Researchers from Fujitsu present a new novel graphene-enhanced gas sensor device. The graphene has been employed as gate electrode for an n-channel silicon transistor. The researchers report that the sensor exhibits sensitivities that are more than one order of magnitde better than conventional resistivity-based graphene gas sensors - easily detecting 7 ppb of No2.
When the graphene gate is exposed and gas molecules adsorb on the graphene surface, the work function of graphene changes depending on the gas species and concentrations, thus changing the threshold of the silicon transistor. The work function of the graphene-gate can be controlled by intentionally depositing proper doping materials on graphene, changing the threshold by up to 620 mV without degrading the sub threshold properties.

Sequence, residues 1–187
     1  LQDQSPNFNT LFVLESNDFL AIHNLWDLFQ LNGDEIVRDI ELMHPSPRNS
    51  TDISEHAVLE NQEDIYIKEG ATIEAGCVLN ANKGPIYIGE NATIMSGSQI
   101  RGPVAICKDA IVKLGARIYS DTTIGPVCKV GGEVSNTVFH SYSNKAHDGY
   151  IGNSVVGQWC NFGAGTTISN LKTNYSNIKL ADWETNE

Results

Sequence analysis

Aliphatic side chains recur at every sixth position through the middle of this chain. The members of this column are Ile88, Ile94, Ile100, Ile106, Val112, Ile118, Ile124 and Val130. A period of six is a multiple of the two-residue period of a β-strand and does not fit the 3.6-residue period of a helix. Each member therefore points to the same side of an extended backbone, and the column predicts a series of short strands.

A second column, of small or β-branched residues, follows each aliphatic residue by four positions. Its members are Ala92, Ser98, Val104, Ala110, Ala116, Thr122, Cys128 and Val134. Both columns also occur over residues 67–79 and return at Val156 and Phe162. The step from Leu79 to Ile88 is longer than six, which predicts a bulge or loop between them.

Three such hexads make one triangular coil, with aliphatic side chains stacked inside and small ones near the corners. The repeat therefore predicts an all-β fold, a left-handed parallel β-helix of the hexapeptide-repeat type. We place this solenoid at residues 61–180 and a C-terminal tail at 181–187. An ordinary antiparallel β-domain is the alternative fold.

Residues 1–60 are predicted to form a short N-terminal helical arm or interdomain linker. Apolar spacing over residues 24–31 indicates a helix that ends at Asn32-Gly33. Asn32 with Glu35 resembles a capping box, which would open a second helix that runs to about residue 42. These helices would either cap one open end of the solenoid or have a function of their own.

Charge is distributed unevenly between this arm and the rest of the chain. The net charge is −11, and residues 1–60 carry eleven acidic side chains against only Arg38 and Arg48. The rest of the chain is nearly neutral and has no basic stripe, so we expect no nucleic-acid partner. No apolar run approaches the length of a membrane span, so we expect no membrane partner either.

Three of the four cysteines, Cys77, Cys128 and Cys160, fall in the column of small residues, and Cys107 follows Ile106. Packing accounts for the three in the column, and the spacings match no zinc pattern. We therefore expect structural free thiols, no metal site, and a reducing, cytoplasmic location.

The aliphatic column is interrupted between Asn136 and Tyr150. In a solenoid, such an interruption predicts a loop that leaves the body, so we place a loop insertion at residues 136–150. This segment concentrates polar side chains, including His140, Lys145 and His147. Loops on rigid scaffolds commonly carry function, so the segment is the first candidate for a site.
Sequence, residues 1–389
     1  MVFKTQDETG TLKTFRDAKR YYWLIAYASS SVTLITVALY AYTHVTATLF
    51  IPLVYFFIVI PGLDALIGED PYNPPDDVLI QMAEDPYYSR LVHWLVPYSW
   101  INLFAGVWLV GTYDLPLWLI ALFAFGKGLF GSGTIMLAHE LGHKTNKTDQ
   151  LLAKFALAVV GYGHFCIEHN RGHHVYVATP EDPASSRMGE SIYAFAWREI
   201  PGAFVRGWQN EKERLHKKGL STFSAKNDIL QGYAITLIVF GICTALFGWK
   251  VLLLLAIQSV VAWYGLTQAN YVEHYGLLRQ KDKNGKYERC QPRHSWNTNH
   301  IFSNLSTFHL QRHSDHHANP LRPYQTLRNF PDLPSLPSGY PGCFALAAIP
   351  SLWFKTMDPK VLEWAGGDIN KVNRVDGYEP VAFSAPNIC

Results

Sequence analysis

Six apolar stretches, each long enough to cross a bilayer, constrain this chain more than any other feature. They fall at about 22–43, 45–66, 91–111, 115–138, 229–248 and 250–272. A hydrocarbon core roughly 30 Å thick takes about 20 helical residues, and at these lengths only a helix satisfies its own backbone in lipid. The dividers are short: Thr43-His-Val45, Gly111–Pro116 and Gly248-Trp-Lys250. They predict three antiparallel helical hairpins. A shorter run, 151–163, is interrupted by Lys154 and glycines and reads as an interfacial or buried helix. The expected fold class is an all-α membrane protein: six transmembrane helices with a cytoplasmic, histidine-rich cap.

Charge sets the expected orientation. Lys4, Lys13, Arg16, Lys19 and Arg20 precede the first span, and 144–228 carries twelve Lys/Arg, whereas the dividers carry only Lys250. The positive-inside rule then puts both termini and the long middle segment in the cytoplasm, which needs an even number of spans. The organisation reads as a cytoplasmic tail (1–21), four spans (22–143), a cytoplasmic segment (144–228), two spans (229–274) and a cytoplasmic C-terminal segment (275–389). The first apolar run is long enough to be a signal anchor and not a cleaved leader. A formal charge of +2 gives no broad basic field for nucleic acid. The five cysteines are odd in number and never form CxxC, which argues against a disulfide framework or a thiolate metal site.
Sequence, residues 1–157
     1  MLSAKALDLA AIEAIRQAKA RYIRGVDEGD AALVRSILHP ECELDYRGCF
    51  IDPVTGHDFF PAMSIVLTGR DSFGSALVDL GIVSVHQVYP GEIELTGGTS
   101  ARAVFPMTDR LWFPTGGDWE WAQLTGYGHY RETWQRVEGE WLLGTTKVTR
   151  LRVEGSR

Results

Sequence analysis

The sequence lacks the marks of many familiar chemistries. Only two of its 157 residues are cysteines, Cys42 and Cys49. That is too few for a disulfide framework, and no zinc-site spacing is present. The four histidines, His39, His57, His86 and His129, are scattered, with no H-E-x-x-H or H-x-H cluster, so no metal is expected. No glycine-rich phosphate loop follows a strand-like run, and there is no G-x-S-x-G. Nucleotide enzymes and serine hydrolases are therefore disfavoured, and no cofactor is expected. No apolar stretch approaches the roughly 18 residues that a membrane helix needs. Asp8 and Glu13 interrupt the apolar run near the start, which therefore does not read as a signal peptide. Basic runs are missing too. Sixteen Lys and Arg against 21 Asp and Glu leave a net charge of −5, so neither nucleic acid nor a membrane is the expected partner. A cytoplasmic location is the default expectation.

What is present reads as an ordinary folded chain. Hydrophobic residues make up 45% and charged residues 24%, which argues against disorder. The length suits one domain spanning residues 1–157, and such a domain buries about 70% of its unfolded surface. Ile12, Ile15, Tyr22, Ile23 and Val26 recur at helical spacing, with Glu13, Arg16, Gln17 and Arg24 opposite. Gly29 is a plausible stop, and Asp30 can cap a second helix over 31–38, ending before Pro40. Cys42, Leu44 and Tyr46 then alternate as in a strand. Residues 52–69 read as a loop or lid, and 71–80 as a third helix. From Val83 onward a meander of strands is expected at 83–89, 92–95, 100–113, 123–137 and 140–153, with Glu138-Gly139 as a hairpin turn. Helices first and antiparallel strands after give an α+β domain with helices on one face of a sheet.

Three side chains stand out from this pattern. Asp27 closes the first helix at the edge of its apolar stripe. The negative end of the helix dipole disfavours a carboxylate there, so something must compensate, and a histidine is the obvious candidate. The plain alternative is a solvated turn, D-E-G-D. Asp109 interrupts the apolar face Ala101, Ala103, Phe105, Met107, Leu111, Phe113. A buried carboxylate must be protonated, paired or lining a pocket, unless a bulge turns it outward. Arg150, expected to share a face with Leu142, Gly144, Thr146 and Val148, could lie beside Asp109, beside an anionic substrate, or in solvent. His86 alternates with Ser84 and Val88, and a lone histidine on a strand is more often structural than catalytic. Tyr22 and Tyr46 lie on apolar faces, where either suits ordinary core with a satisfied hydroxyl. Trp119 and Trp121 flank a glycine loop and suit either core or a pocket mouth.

The researchers also say that since graphene is also a good barrier layer, it can be an excellent candidate for metal gates for advanced MOSFETs.
This work will be first presented at the IEEE IEDM 2016 conference.